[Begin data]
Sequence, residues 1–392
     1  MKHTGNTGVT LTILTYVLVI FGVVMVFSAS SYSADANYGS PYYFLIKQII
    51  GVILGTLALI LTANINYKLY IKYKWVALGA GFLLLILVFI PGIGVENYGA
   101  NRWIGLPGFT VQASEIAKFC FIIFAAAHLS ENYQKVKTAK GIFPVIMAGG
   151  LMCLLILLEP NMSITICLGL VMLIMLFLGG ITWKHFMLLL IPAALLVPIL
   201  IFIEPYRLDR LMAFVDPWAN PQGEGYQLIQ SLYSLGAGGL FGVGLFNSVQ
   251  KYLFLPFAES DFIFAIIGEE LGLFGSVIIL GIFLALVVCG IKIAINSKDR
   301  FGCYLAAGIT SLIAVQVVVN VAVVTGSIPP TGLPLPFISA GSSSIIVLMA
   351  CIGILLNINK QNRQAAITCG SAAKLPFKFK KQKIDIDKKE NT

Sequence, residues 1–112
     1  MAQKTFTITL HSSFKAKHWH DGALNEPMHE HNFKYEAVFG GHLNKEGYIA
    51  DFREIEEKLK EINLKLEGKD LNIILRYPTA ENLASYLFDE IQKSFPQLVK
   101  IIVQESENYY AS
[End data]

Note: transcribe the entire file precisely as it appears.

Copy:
Sequence, residues 1–392
     1  MKHTGNTGVT LTILTYVLVI FGVVMVFSAS SYSADANYGS PYYFLIKQII
    51  GVILGTLALI LTANINYKLY IKYKWVALGA GFLLLILVFI PGIGVENYGA
   101  NRWIGLPGFT VQASEIAKFC FIIFAAAHLS ENYQKVKTAK GIFPVIMAGG
   151  LMCLLILLEP NMSITICLGL VMLIMLFLGG ITWKHFMLLL IPAALLVPIL
   201  IFIEPYRLDR LMAFVDPWAN PQGEGYQLIQ SLYSLGAGGL FGVGLFNSVQ
   251  KYLFLPFAES DFIFAIIGEE LGLFGSVIIL GIFLALVVCG IKIAINSKDR
   301  FGCYLAAGIT SLIAVQVVVN VAVVTGSIPP TGLPLPFISA GSSSIIVLMA
   351  CIGILLNINK QNRQAAITCG SAAKLPFKFK KQKIDIDKKE NT

Sequence, residues 1–112
     1  MAQKTFTITL HSSFKAKHWH DGALNEPMHE HNFKYEAVFG GHLNKEGYIA
    51  DFREIEEKLK EINLKLEGKD LNIILRYPTA ENLASYLFDE IQKSFPQLVK
   101  IIVQESENYY AS